Keyon Dooling always thought about his post-career during his playing days in the NBA.
After a successful career of 13 NBA seasons on seven teams, Dooling, 33, is calling it a career to be a life coach for the NBA and D-League.
The former Missouri star has known for a while that the clock was ticking for a return this season.
“Last year I came back toward the end of the season,” Dooling said. “And I don’t want to put my body through that again.”
Dooling, known to many in the basketball world as a calm and respected presence in the locker room, missed most of last season after suffering from post-traumatic stress disorder from being sexually abused as a child.
Growing up in a tough part of Fort Lauderdale, Fla., Dooling was sexually abused multiple times by both sexes when he was still young. The former NBA lottery pick had never come to grips with it, and he suffered a mental breakdown last summer, which led him to be diagnosed with PTSD.
“I thought I had lost it,” Dooling said.
After going through various forms of therapy and rehab, Dooling returned to the court last April with the Memphis Grizzlies. He credits basketball for keeping his composure together through the years and for helping make life beyond the projects of South Florida a reality.
“I recognized at a very early age that basketball could be a way to get me out of this neighborhood,” Dooling said. “It kept me focused. It kept me out of trouble. It kept me on the right path. It was my therapy because we didn’t have therapy. Basketball was a safe haven from the realities of my life.”
Dooling’s experiences with sexual abuse led him to found the Respect 55 Foundation, which promotes awareness for sex abuse not just in children but also adults.
“There are a lot of people my age that still haven’t dealt with it,” Dooling said. “So the little boy or girl inside them is still being tormented. My goal with my organization is to promote a lot of prevention and awareness for everybody in that category.”
To raise awareness for his foundation, Dooling went on a seven-city tour, making one stop for each city he played for throughout his career. Partnering with teams like the Los Angeles Clippers, Boston Celtics and Brooklyn Nets, Dooling and his charity held a rally in each city in order to raise awareness for sexual abuse.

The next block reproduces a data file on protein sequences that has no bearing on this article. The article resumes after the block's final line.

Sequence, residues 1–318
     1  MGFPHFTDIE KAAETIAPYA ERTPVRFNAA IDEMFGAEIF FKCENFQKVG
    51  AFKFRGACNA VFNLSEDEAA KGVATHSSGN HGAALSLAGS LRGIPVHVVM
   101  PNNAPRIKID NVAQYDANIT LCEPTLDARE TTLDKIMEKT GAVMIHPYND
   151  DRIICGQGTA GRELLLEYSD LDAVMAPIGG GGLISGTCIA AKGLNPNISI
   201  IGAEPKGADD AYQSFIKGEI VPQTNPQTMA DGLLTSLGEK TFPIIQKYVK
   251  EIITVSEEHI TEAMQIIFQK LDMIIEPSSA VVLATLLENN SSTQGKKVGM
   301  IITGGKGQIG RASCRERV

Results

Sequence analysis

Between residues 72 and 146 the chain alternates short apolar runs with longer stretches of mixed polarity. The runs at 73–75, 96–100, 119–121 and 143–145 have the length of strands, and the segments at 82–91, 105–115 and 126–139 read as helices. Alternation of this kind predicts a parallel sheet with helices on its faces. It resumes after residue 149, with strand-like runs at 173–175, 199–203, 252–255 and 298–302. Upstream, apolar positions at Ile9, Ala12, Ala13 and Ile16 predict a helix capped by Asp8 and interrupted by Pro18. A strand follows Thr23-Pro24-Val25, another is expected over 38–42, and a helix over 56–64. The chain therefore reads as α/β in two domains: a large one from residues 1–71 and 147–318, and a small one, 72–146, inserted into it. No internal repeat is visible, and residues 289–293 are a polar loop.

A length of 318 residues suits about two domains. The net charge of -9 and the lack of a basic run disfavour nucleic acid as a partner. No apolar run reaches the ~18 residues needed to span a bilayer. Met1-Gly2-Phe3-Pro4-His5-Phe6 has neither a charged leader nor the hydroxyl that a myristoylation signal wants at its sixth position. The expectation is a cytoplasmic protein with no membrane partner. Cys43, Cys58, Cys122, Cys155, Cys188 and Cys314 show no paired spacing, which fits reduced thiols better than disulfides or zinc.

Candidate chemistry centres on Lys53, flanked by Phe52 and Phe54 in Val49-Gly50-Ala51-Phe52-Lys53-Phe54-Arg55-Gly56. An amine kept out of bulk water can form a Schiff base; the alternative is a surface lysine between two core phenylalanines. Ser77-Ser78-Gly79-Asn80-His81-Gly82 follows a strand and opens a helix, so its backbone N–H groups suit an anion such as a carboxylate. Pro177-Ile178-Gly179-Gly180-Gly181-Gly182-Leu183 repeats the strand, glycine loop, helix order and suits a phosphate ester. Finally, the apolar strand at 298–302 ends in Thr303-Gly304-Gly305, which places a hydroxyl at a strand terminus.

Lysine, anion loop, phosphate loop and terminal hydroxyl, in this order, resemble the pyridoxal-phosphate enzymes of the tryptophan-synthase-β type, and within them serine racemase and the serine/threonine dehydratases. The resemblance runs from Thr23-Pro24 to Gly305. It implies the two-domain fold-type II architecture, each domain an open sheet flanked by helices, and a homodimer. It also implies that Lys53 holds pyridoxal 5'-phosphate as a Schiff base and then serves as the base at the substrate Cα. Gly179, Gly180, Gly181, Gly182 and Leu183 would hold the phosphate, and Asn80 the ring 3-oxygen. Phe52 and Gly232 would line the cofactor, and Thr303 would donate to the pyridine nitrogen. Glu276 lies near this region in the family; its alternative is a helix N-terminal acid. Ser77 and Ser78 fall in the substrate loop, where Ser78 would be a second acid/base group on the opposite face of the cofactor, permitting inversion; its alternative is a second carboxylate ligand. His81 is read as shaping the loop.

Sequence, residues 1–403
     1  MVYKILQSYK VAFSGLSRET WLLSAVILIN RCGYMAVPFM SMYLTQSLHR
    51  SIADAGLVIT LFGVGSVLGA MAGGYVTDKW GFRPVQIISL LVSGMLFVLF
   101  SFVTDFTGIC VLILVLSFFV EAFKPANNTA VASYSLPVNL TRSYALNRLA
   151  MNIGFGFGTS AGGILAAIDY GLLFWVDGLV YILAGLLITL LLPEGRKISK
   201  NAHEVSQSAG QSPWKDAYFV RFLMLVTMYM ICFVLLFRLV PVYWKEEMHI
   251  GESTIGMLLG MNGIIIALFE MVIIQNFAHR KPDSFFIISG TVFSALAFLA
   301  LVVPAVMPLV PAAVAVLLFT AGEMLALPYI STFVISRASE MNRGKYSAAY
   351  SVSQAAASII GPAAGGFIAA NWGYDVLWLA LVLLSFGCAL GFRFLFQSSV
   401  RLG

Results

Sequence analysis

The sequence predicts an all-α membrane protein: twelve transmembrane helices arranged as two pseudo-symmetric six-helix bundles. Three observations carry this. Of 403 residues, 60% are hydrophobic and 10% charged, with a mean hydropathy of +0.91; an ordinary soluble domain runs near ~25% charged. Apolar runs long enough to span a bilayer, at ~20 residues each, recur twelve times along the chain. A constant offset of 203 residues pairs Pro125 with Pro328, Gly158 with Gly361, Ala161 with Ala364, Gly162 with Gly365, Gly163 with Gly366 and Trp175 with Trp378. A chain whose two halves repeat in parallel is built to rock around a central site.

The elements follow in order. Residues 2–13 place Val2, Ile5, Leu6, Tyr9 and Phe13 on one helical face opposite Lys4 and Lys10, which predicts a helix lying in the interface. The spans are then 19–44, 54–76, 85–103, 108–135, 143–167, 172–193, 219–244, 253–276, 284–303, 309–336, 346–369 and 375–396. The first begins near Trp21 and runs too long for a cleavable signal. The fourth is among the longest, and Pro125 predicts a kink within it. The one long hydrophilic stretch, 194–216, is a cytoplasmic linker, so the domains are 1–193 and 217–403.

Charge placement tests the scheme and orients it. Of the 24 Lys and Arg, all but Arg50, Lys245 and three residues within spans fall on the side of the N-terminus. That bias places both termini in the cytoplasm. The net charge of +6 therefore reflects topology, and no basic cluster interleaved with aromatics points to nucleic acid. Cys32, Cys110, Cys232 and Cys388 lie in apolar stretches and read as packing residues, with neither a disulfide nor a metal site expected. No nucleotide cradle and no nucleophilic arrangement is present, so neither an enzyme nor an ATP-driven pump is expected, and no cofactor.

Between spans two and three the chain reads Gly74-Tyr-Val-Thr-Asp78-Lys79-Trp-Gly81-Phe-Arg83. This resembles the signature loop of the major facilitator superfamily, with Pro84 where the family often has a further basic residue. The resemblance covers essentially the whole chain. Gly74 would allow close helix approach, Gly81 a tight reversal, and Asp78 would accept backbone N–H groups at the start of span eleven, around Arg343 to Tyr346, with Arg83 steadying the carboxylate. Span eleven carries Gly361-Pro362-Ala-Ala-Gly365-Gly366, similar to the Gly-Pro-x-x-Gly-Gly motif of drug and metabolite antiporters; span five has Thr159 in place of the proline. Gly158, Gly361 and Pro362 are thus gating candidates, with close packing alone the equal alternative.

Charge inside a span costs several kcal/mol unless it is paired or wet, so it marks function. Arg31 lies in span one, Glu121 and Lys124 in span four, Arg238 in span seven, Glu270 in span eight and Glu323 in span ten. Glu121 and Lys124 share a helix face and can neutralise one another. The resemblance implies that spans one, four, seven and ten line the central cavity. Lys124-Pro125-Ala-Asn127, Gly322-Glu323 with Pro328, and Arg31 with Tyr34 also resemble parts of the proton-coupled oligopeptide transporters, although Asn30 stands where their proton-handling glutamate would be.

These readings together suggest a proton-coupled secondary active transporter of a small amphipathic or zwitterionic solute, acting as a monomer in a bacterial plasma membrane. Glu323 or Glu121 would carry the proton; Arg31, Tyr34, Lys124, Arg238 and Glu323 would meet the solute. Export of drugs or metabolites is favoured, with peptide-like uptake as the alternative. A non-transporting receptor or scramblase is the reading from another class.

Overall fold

While Dooling said his charity is intended to prevent awareness for sexual abuse, he also wants it to shed light on things that came as side effects of being abused as a child.
“The things that I had to deal with that people don’t realize were things like anxiety, insecurity and a lot of internal things that get affected when it happens at such an early age,” Dooling said. “I’m so happy I went through therapy because I was able to get back on the right track.”
With Dooling now having more time on his hands, one of the things he’s looking to do is to reconnect with the Missouri basketball program. Dooling spent two seasons in black and gold — one under Norm Stewart and one under Quin Snyder. He hasn’t visited Columbia in about eight years. Dooling credits Stewart for being tougher on him and for teaching him “much-needed lessons.”
“Now I have this extra time and I’m really looking forward to reconnecting with the program,” Dooley said. “I hope they bring me back soon.”
The feeling seems to be mutual on both ends.
“Many former players come back throughout the year, and I know the staff loves to have them back to get to know the guys and reconnect with the program,” team spokesman Dave Reiter said
With the weight of basketball presently off his shoulders and his post-traumatic stress dealt with, every aspect of the NBA veteran’s life is going strong.
I’m at an all time best in my personal life,” Dooling said. “I was in a mental institution last year. To be where I’m at now is truly a blessing.”